David Amess and the courage to be Catholic

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Amid the outpouring of grief over the murder of David Amess, one aspect of his life may not yet have received its due. Sir David was a Catholic. Not one of the biggest, with roots in old refractory families, but a working class Catholic. His father was an electrician and his mother a tea lady; it was in a Catholic high school, St Bonaventure in Forest Gate, that he was encouraged to get into politics. He lost his Cockney accent thanks to therapy necessitated by a speech impediment, but Sir David never forgot where he came from. He didn’t care to be seen as an Essex Man, one of the new Thatcherite Tories who burst onto the scene in the early 1980s. What mattered to Amess was to improve the lot of his constituents, for example. all possible means. This too was an aspect of his faith.

The Catholic Church gets bad press these days, and we are reminded almost daily of its many flaws and failures in the news. But we know less about the other side of the coin, so beautifully illustrated by Sir David. The inexhaustible appetite for charitable causes, to restore dignity to those who have been stripped of everything but the bare essentials: these are virtues which in theory belong to all Christian denominations, but in the practice of which Catholics stand out very often.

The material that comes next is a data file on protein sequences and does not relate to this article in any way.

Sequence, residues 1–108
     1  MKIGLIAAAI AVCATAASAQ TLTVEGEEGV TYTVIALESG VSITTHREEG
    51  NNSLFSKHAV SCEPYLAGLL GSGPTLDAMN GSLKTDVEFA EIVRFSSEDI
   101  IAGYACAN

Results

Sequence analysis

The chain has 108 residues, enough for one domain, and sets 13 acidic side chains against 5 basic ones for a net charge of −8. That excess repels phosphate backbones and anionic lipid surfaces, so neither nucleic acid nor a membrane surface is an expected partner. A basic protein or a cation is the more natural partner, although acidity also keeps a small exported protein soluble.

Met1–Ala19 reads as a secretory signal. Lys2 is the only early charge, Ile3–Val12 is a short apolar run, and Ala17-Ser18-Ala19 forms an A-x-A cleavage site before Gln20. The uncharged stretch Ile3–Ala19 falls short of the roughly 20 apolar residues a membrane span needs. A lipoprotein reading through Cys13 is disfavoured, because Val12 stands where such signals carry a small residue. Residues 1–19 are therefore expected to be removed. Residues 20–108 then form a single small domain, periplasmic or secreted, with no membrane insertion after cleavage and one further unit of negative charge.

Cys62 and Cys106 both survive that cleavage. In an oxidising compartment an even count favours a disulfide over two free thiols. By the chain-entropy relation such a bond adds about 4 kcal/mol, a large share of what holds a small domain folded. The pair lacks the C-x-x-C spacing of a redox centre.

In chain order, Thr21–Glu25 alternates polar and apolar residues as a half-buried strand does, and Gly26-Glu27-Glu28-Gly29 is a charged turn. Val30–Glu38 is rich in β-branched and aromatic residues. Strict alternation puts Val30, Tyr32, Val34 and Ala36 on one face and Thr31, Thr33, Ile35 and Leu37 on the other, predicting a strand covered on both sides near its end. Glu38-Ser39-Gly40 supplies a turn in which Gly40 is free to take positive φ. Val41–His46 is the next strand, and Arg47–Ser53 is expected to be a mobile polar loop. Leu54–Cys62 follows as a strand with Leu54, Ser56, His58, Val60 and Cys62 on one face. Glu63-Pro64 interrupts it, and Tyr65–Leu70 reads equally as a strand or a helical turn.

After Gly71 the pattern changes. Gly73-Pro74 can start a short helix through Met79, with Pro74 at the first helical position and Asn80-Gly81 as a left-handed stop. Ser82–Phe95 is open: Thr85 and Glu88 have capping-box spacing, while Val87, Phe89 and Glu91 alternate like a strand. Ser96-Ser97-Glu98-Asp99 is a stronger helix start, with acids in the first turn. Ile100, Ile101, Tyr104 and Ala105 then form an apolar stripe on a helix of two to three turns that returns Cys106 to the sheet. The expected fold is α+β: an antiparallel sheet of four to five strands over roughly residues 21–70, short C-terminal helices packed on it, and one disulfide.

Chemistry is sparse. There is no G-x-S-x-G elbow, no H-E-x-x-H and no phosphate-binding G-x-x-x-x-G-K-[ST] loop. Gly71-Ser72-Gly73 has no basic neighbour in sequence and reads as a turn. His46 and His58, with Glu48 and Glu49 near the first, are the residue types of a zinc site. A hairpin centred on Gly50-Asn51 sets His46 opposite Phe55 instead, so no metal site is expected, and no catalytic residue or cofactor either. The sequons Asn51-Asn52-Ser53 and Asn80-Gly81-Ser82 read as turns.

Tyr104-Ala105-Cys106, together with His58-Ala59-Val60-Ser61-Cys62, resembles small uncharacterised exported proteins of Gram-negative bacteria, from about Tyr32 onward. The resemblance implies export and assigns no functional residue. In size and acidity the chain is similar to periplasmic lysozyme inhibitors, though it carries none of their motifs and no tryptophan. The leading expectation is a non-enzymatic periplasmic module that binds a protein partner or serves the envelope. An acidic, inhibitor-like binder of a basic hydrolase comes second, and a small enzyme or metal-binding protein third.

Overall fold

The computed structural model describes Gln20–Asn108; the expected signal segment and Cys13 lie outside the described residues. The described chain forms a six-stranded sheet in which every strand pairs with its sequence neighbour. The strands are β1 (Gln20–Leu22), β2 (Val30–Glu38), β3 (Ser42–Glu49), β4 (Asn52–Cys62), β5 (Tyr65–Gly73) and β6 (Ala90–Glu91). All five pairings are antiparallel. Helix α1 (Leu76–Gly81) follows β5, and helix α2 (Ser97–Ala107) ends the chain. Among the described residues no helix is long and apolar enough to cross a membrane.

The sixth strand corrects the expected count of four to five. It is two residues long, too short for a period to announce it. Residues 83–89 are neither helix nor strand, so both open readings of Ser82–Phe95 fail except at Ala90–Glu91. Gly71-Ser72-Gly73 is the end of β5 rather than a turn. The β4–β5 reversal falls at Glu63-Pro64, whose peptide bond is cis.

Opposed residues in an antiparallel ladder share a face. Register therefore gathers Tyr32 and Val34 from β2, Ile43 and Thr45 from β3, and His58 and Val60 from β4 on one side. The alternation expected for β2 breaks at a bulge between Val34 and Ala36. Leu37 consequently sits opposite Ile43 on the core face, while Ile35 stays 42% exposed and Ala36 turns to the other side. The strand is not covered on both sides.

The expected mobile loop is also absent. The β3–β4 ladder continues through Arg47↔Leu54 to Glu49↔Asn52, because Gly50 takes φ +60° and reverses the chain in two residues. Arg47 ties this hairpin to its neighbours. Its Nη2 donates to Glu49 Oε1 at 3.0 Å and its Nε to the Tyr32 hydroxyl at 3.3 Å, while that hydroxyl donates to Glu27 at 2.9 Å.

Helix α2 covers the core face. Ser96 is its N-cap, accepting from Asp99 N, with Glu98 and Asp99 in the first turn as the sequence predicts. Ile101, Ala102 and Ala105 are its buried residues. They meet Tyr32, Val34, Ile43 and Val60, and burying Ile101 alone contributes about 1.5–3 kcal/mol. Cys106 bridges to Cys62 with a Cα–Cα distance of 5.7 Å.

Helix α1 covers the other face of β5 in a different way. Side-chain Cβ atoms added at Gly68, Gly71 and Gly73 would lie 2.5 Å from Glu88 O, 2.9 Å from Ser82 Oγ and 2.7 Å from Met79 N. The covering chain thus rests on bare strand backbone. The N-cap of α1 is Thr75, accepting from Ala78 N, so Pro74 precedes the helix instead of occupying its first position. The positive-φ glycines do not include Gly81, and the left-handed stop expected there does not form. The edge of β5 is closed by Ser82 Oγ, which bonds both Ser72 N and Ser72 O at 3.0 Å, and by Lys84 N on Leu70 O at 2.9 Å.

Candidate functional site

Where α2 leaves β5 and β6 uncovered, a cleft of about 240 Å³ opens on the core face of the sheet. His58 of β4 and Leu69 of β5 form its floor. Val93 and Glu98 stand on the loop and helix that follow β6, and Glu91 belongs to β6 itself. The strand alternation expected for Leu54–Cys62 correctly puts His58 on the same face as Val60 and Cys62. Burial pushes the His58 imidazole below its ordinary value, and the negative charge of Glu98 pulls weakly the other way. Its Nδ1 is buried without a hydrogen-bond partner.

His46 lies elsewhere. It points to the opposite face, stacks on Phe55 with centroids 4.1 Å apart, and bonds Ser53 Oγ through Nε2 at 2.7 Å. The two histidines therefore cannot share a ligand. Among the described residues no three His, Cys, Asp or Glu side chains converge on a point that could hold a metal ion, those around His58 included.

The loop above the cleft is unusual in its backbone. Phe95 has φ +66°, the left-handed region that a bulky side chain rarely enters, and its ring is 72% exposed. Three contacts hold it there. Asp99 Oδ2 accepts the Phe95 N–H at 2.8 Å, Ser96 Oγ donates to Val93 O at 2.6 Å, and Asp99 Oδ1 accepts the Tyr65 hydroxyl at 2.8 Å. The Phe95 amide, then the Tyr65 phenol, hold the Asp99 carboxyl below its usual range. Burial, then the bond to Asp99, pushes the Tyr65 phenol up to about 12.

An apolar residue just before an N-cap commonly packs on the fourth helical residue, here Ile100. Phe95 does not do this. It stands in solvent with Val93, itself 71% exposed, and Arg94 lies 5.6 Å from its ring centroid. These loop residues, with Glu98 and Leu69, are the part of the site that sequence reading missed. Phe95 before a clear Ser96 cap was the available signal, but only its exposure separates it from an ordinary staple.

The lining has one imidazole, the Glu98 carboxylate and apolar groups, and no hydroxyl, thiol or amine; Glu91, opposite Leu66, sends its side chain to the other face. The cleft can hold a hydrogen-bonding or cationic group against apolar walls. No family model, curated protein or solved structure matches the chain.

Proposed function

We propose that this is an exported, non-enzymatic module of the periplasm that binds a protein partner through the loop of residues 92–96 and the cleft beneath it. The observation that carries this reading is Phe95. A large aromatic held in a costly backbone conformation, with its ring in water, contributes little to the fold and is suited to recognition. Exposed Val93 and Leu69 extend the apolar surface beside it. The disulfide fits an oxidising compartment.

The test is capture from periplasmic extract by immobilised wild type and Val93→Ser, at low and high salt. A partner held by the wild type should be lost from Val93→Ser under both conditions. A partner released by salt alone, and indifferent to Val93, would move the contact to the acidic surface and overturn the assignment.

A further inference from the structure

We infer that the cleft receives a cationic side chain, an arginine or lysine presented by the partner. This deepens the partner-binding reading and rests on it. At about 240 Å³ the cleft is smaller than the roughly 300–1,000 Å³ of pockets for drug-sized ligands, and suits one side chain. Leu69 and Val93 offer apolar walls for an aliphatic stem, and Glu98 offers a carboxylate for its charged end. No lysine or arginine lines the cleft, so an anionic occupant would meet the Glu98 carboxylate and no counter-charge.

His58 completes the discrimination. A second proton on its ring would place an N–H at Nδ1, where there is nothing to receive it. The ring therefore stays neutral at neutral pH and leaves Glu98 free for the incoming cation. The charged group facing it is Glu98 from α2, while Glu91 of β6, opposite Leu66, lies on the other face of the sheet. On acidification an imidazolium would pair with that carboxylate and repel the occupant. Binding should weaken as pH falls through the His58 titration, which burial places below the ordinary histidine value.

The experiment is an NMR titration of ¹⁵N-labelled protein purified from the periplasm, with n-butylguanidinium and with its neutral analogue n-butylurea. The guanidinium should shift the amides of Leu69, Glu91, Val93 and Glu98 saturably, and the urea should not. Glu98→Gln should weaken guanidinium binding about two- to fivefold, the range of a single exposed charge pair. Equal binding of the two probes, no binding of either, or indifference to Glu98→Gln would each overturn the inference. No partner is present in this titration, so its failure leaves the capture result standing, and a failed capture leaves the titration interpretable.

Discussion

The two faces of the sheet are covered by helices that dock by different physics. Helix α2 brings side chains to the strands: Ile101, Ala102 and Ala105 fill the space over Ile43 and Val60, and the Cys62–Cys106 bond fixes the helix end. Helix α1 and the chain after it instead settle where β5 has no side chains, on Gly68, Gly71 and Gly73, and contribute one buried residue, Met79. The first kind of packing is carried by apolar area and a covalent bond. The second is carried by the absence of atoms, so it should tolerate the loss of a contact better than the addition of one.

Some of the causes he has embraced have become deeply unpopular with the liberal establishment. He was a staunch defender of even old-fashioned Church teachings: on abortion he was consistently pro-life; he had a traditional conception of marriage; he was anything but awake. Yet his kind of compassionate conservatism did not exclude anyone: he took seriously the biblical axiom that we are all created in the image of God. His decency and open-minded generosity, to which all who knew him have paid homage, was a mild reproach to those who see Catholicism as a closed, rigid and ritualistic religion. He reminded us of what we risk losing by driving conscientious Catholics out of public life, unless they renounce their beliefs.

We don’t yet know why David Amess was killed, let alone what role his faith may have played in making him a target. It is possible that the Somali legacy of the man currently under investigation by counterterrorism agents is significant and that he was radicalized by al-Shabab jihadists, who frequently attack Christians, in especially Catholics. None of this is certain and other reasons, including mental illness, may be more relevant.

What we do know, however, is that a Catholic priest was denied access to Sir David by police as he died. This meant that he could not receive the Sacrament of Anointing the Sick, also known as Extreme Unction, which Catholics believe brings comfort, peace and courage to those at the end of their life. If, as in this case, it is too late for a confession, the priest can also pronounce absolution, or forgiveness of sins, as part of the sacrament.